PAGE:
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I know you. After all these years, I’m familiar with what you think, how you operate, what you eat and how you play. And it makes me proud. As Dick Vitale would say, we’ve got pretty good situational awareness. We’re all over CNN, Fox News, MSNBC, and have downloaded news, podcasts, blogs and a host of other methods for staying on top of what we think is important. It’s pretty neat. That’s why it shames me to have to tell you this. You have not paid attention to and are unaware of the single most dangerous affliction to hit this country and your profession … possibly forever. Care to guess what it is? Anthrax delivered by a demented al-Qaida operative? Try again. A dirty bomb delivered by some guy the president and attorney general held without charge for three years and then indicted for staying at the Taliban Hilton? I’m sorry. A plot to poison our children forever by making them watch George Hamilton and Master P on “Dancing With the Stars”? Well, we’ve got some great parting gifts, including a home version of our game, for you. It isn’t any of those things. It isn’t Hurricane Katrina or the hypothetical tornado the Weather Channel blew through downtown Dallas (and my office) a couple of Sundays ago. It isn’t even a bird flu epidemic leaving millions dead or clucking. It’s BlackBerry deprivation syndrome, known at the Centers for Disease Control and Prevention (CDC) by its ominous acronym, BDS. Unless you’ve been living under a rock or in Loving County (population 64 — “Sal-yute!”), you must know that the company that makes the BlackBerry lost a patent infringement suit not long ago to the company that claims to own the rights to the program, which makes that highly addictive staple of 21st century technology work. That company has threatened to slap an injunction on the BlackBerry folks, forcing them to take all of the infringing products off the market. And that would mean your BlackBerry would just … go dark. You might still be able to play “Brickbreaker” or something trivial like that, but send e-mails, surf the Web and do all of the things we are truly addicted to? Gone. Your BlackBerry would become a black hole, a useless appendage only good for giving you a pain in your side when you wear it while sitting in a coach airline seat. What could be more frightening? Now we won’t be able to turn away from people we don’t want to deal with in order to check e-mails. We’ll have to interact with dinner companions, listen to tedious speakers in meetings, talk to dates, significant others and spouses, and find other technological devices to show others that we’re totally kewl. Like I said: frightening. If you think you’re alone in being frightened of BDS, you’re wrong. This guy Fred I know at the CDC, who agreed to cooperate if I agreed not to tell you that his last name is Karpinsky, smuggled out an internal memo, which gives readers some idea of how seriously our government is taking this. Let me just give you a little excerpt to digest:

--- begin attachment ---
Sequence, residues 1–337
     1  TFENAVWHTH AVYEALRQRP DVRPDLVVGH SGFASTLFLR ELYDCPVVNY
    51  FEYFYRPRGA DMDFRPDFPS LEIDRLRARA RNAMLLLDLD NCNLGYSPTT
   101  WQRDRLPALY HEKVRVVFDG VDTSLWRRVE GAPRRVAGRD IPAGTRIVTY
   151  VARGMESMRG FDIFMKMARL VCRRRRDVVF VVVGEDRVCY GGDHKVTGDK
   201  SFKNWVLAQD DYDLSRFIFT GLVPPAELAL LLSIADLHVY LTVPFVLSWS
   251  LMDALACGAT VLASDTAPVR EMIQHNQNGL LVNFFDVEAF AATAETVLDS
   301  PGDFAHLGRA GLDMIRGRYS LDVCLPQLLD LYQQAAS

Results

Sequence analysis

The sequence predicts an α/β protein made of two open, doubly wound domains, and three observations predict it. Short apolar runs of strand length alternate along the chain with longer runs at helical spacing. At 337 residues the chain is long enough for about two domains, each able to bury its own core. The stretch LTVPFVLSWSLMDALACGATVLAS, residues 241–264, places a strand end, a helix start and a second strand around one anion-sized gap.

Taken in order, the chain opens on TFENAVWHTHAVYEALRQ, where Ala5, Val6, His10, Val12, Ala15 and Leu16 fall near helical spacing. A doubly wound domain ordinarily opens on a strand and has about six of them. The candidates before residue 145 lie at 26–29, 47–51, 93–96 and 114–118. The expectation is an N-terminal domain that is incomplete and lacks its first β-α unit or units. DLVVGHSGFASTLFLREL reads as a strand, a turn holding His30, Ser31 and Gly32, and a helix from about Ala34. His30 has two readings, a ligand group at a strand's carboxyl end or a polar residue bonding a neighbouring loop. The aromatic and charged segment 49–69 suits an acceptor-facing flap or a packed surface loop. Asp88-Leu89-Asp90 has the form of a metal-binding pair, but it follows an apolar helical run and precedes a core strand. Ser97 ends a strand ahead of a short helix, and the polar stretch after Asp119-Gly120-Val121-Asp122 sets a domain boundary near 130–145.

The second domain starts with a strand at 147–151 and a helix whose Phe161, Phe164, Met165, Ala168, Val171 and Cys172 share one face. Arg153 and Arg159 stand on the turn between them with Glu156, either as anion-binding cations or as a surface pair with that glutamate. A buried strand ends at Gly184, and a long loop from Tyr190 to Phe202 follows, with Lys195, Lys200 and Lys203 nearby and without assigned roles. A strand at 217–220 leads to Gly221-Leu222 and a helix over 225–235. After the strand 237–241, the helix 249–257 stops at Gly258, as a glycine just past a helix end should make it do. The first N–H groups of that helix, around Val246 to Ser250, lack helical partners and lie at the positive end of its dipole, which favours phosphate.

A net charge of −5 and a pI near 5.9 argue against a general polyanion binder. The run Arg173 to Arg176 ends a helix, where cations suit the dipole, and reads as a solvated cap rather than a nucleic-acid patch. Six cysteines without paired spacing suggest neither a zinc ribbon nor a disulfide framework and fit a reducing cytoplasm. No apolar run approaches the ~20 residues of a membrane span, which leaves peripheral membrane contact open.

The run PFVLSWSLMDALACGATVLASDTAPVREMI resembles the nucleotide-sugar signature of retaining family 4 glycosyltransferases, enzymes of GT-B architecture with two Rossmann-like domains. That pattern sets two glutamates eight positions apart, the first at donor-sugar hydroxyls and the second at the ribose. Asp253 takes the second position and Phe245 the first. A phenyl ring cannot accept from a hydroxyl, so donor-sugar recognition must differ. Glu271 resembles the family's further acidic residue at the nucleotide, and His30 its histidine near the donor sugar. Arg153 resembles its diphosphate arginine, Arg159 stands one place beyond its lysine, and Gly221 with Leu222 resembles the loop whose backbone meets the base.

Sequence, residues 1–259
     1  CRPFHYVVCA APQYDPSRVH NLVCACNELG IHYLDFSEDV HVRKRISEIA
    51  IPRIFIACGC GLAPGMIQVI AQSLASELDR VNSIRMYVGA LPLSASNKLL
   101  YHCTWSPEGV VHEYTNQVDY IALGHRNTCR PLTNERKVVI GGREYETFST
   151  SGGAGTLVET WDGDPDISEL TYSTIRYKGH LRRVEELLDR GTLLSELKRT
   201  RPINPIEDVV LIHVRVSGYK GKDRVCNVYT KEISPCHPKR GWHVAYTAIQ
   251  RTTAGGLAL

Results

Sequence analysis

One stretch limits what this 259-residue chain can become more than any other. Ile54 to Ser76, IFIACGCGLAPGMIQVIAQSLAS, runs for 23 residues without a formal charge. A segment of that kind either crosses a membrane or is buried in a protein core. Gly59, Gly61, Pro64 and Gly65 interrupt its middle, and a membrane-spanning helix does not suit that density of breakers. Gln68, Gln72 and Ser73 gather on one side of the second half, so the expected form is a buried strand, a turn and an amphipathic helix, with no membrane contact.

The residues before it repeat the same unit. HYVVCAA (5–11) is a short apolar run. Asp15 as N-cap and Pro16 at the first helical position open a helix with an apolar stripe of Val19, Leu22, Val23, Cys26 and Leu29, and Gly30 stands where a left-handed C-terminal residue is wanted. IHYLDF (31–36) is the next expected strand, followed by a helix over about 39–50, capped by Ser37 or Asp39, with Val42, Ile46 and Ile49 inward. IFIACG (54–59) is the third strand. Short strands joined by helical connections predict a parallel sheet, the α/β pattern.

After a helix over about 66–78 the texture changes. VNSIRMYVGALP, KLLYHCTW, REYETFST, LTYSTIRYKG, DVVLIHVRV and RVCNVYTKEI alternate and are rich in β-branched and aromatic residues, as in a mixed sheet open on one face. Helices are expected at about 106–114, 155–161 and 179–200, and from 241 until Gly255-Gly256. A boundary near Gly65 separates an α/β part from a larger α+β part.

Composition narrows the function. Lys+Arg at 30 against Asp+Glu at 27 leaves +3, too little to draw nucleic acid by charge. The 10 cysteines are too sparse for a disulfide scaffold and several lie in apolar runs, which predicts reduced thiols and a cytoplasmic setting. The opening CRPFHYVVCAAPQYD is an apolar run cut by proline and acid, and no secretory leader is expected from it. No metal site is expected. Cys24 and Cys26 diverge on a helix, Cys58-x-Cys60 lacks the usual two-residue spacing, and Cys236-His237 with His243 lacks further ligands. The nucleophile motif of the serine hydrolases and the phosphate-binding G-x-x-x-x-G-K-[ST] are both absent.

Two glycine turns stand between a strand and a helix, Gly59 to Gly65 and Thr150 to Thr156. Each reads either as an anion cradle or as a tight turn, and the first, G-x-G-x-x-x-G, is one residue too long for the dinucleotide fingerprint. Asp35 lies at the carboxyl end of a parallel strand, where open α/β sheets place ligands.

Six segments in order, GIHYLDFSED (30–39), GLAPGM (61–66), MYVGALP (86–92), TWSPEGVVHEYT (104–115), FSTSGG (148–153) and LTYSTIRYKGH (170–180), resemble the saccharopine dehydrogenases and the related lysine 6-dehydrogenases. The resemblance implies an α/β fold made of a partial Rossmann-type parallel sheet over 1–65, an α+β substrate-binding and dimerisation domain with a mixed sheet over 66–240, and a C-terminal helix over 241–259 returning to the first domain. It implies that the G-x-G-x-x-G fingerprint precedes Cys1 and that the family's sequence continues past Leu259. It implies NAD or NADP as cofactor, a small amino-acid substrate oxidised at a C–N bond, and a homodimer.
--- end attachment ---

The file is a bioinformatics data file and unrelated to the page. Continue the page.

We have designated the most likely population response to BDS as The Fish Kill Scenario, in which sudden loss of access to BlackBerry devices will have a number of highly deleterious consequences. For the great majority of users, BlackBerry deprivation will result in a cluster of symptoms ranging from low-grade bewilderment and stupefaction at having to communicate face-to-face to what we call Spasming Opposable Thumb Syndrome (SOTS), in which users sit in a nearly vegetative state spasmodically using their thumbs to press random keys or fiddle with the trackwheel on their instruments in the hope of making contact with someone else via their now deactivated BlackBerry. We estimate that approximately 75-80 percent of all attorney users will contract SOTS within the first two weeks of deactivation.